The Death of the Female Icon

 

 

Museum of Toys: Prague
Museum of Toys: Prague

Whatever happened to female icons? You know, the empowered women of yester-decades who actually taught young women to be badasses instead of objects?

Technically I’m a millennial and I feel completely gypped that I missed the heyday of the power chick. Sure, I remember Fiona, Alanis, and Gwen back when she was still quirky with braces and clown shoes, but being born in 1989 meant I was only 7 when Tidal and Jagged Little Pill were released and just 6 when Tragic Kingdom dropped. While I do remember a few years of listening to them, Sarah McLachlan, Jewel, Tracy Chapman, and PJ Harvey, I quickly fell under the spell of the Spice Girls and was then ushered into the blonde utopia of Britney, Christina, Mandy, and Jessica who became the new new idols. I can’t decide if it was an age thing, or a coincidence of the timing of my tweendom and the transition from Alternative Rock to Bubble Gum Pop, but looking back really bums me out because I missed the last authentic wave of female rebels who challenged the ideals of mainstream society instead of using them to fill up their pockets.

Everything shifted around the mid 90’s. Obviously revealing clothing wasn’t a new phenomenon but it didn’t seem to be the quite such standard protocol before then. In fact, the two decades before my birth were quite clearly focused on rights, race, radical thought, and disassociating from the prim and proper ways of the two decades before them. After the 90’s, things took a dramatic change of course. Consider models: the strong, long, buxom yet lean bodies and big hair of Cindy, Claudia, and Naomi were replaced with the knobby knees of Gemma Ward, Karlie Kloss, and Chanel Iman (who seriously had no choice but to model with that name). Thankfully we now have mega-babes Lara Stone and Bar Rafaeli to counter the helpless, heroin addict look… but the era of the glamazon is long gone. Meek sells.

Whatever happened to musical artists like Annie Lennox, Stevie Nicks, Joni Mitchell, Blondie, Janis Joplin, and Donna Summer? Women who were, alebeit a bit folksier than current mainstream stars but who still commanded huge followings a la Miley, Gaga, and Rihanna, yet actually had real things to say about topics other than drugs, money, and sex? (I know I’m making generalizations but go with me). I’ll give it to Beyonce that she’s essentially the next Tina Turner and hasn’t watered down that power, but she still knows how to strip down (see her 2014 Grammy performance for proof) which is what ultimately makes money in our modern world thanks to the illusion created by the corporatized industries of the “arts.”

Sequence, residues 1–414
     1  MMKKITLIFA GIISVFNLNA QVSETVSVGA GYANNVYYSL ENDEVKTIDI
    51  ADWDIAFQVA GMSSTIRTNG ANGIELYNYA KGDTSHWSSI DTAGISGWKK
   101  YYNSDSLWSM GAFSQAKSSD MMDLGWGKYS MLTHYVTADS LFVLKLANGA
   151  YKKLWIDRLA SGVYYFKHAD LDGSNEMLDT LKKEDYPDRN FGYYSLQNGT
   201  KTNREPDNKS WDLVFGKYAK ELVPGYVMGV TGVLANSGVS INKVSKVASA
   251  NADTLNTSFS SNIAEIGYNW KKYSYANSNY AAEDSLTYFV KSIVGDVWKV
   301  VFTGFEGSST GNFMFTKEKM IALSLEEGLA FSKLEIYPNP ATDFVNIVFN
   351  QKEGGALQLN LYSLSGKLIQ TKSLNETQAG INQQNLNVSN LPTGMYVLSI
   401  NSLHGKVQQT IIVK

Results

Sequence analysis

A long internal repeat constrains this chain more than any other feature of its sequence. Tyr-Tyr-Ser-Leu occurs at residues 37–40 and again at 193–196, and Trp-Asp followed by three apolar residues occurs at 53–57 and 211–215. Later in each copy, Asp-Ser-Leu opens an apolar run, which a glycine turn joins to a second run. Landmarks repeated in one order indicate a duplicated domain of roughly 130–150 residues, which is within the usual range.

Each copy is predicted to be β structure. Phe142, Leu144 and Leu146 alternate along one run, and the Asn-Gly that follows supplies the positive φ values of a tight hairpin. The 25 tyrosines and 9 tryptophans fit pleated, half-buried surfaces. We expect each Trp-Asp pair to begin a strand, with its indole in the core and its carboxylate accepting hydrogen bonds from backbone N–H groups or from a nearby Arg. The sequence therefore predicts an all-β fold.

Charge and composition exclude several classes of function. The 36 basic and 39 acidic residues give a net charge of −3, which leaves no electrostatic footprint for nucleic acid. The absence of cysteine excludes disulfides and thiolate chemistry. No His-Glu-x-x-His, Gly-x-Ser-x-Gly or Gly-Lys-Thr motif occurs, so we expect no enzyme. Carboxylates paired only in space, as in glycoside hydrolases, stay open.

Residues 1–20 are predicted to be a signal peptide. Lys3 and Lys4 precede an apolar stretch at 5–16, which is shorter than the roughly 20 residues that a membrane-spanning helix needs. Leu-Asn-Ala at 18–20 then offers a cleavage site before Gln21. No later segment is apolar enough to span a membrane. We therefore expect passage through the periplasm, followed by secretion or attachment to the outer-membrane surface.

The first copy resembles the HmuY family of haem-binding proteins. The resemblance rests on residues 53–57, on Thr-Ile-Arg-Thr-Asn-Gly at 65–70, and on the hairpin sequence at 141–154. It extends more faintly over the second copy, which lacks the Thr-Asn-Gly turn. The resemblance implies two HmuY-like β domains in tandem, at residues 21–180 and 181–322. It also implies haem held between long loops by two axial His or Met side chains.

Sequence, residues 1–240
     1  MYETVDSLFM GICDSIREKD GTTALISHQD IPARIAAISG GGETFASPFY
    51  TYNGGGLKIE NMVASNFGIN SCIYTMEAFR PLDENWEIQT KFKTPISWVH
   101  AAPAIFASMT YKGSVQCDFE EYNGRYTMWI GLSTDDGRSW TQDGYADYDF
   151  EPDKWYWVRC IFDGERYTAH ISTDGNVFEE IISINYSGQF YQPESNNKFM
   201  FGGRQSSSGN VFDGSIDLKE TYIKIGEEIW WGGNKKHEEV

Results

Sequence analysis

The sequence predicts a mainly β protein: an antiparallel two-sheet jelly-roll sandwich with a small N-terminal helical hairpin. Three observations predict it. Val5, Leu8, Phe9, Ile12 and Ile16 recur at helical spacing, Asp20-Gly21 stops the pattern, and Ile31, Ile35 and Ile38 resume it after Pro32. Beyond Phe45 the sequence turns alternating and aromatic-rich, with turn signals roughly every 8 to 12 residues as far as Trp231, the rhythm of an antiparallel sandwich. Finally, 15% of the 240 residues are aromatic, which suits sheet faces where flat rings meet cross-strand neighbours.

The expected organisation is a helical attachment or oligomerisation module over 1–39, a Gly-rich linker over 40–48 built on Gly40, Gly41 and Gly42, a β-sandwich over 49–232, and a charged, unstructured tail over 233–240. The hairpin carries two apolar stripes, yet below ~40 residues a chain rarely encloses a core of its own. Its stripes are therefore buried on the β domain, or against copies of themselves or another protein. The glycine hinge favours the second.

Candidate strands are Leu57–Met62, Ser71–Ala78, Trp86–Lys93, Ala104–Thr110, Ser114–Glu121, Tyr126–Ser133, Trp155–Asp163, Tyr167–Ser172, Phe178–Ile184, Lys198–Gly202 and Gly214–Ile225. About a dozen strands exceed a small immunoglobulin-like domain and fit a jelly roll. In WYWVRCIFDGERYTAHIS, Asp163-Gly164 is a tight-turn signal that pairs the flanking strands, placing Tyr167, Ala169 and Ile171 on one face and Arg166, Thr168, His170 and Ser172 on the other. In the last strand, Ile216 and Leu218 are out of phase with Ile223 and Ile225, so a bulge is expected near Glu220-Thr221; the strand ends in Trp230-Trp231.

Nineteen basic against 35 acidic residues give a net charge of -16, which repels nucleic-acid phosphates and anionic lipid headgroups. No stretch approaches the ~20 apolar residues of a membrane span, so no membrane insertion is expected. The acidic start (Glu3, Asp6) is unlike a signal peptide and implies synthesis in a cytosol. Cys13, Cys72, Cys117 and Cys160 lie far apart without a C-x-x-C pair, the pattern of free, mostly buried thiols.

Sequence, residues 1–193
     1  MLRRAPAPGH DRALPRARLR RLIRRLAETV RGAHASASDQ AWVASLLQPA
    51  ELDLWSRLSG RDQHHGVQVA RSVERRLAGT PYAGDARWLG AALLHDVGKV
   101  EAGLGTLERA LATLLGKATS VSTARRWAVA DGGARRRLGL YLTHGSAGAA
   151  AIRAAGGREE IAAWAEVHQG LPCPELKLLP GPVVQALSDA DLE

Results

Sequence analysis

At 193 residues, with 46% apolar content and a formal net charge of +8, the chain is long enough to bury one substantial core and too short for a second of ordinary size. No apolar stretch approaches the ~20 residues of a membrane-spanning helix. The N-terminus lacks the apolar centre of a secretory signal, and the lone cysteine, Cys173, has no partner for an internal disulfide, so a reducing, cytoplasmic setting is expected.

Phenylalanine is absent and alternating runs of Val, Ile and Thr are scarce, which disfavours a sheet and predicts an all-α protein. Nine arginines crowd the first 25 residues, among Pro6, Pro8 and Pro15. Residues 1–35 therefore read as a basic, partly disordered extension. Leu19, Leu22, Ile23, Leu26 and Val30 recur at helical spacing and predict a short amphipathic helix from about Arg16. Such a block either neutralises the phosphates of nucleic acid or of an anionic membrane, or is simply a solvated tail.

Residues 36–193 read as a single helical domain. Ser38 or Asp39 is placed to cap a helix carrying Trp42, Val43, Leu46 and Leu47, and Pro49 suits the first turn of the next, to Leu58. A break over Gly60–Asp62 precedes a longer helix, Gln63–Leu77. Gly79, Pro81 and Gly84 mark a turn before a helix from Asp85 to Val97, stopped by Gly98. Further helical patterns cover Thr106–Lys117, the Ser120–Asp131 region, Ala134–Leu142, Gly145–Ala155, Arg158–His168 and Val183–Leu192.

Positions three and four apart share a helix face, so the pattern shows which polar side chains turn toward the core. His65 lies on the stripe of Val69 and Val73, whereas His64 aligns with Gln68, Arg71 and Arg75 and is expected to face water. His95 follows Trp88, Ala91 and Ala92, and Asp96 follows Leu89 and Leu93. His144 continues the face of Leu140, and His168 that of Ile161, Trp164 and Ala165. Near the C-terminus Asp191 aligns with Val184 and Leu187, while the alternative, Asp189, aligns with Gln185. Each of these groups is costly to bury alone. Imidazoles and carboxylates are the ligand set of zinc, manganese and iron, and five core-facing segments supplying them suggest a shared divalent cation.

Class. That’s what I think of when I watch the actresses in old movies. They were elegant, chicly covered up, and sophisticated like Katherine Hepburn in the 30’s and 40’s, Lauren Bacall in the 40’s and 50’s, Audrey Hepburn in the 50’s and 60’s, and Julie Christie in the 60’s and 70’s. Even Marilyn Monroe’s most scandalous moments have NOTHING on Lindsay or Paris. A quick Google image search of any of these icons produces a collection of striking images of women who commanded the silver screen and were some of the most desired women in the world without posing naked holding a puppy on the cover of People. It’s actually difficult to not find images of modern actresses in at least one shoot where they’re not in a tiny swimsuit or on a bed looking frazzled as they’d just slept with someone. There are a few females these days who I consider to be in the same kind of realm as those of the 20th century, such as (in no particular order) Jessica Chastain, Diane Keaton, and Emma Watson, but these women are few and far between. They’re also threatening in their indifference and confusing to both men and women who have become immune to the ideals of a different standard of behavior.

A problem is that it’s now normalized for women to pose for men’s magazines regardless of their profession. You didn’t see Gilda Radner in a lowcut, tight top in GQ, but I can’t say the same for the likes of Kristen Wiig, Maya Rudolph, even self-proclaimed supernerd Tina Fey who play the pinup game from time to time. I’m not saying it’s blasphemous to do photo shoots and embrace femininity, but I am questioning why it feels like every woman out there is on hold to take her top off for *some famed photographer*. Why does it seem like the women who don’t talk about their femininity, do cover themselves up, and don’t play the game are seen as boring, prude, or powerless. Why is it that the more naked you get the more power you command? Why are we, as women, handing back over what was so brutally fought for on our behalf?

For me, I saw the (albeit brief) transition and am aware that I had to find my own role models by sometimes stepping into the past to become inspired about who I want to become. But for the next generation, what are they going to do? As the “celebrity market” gets more and more saturated and watered down, who is going to the front-woman of celebrity culture and teach young women to kickass, rebel against conformity, and stand up for feminism? Because it’s sure as sh*t not going to be Taylor Swift.

 

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